Last year for my birthday, my best friend gave me the book Perfectly Imperfect by Byron Baptiste. It’s not one that I read straight through, but I’ll pick it up here and there when I need inspiration. The other night I read about being in ‘the flow’. We can be in the flow of life just like we can be in the flow of yoga. Things feel graceful and effortless when they are moving along the way we’d like. Body, mind, and energy is harmonious.
But we know the next day, in life or our practice, we can hit a wall or plateau. You have flow in your practice when you hit a wall and don’t react with self-hate or dive into a shame spiral. You trust that you are still moving forward (even if slowly) and things will pick up again. Simply being in the process as it is, is being in flow. Sometimes you hit a wall for long time, other times not. On or off the mat, you stay the course knowing it’s part of the flow. You have flow in your practice when you can accept breaks in tempo or achievement and use the slowdowns as learning opportunities.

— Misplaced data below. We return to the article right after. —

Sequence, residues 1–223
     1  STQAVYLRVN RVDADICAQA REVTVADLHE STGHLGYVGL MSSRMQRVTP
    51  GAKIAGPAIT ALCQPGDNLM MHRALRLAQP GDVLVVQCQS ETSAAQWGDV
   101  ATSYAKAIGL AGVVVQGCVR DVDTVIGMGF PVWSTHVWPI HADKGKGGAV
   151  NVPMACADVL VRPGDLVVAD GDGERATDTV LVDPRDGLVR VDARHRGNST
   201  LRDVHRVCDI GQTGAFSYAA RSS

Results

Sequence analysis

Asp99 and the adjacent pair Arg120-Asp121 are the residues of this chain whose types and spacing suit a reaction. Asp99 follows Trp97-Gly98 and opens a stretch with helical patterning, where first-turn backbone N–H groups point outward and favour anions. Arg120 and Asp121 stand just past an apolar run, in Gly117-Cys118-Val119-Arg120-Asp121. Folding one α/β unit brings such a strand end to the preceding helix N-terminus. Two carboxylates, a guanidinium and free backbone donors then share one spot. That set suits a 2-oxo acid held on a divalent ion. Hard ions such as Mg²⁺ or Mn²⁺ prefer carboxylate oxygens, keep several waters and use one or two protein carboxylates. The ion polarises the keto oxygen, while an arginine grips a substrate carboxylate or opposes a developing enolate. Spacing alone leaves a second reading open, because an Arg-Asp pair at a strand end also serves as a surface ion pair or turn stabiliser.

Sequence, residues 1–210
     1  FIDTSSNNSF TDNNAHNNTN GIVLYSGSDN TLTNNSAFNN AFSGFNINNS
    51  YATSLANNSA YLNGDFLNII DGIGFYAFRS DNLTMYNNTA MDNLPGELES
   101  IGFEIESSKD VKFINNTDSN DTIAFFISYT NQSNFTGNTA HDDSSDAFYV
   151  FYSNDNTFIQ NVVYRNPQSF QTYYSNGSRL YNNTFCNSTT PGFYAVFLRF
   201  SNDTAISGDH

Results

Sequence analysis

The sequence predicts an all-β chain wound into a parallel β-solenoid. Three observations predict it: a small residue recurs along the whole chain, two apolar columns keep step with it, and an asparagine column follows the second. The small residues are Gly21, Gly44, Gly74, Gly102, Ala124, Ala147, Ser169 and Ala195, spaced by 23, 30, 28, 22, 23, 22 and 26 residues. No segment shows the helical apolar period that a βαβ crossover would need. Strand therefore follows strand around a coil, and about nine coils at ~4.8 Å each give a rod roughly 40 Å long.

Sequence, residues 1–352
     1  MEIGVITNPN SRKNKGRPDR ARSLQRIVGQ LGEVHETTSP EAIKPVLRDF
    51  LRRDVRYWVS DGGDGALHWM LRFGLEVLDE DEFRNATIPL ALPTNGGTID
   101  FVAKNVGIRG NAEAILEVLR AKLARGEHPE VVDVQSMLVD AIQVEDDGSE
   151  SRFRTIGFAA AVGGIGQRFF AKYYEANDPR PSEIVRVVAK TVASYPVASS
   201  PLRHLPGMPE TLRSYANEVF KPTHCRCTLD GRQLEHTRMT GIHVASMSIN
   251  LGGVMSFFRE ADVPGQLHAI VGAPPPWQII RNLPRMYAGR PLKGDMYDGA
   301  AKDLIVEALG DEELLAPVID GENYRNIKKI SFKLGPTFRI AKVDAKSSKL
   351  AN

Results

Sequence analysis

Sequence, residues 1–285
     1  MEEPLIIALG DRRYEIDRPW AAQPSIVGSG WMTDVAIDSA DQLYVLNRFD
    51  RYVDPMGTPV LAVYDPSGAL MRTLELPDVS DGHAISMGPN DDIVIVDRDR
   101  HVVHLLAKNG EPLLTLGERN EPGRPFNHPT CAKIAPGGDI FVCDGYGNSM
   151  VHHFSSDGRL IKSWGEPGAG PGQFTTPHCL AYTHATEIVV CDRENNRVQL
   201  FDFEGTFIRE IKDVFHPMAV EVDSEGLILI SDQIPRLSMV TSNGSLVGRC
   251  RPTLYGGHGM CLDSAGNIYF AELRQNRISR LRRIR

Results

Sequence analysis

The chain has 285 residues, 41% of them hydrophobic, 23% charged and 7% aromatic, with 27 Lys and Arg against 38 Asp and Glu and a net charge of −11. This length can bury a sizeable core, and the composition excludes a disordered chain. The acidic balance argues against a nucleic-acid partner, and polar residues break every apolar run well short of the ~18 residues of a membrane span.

I had that opportunity this week with my students. Towards the end of Tuesday’s class, I completely blanked and forgot a piece of the pose sequence on the second side. I honestly almost let it derail my teaching right then, which never happens. But my amazing students chimed in and cued for where we needed to go for the next few poses. They’re the best. I played it off, but I was embarrassed and immediately started that shame spiral of questioning if I was even a good teacher, what am I doing here, you know how that goes… My flow was slowing down.
But throughout the day I came back to what I read earlier this week. Being in the flow doesn’t mean doing everything “perfectly” all the time. It means learning from your challenges and obstacles and moving forward with grace and confidence. So I did just that. I intentionally created a class today that had some complex breath to movement cues and I practiced my instructions out loud. The class was physically challenging and I really had to pay attention to what I was saying as I guided my students through. But I didn’t make any mistakes in my instruction and I felt good about myself as a teacher again.
That’s what yoga is about, taking what we learn on the mat and applying it to everyday life. In this case I was able to practice self-love after hitting an obstacle. I learned from it and my students had a good class. I am back in my flow.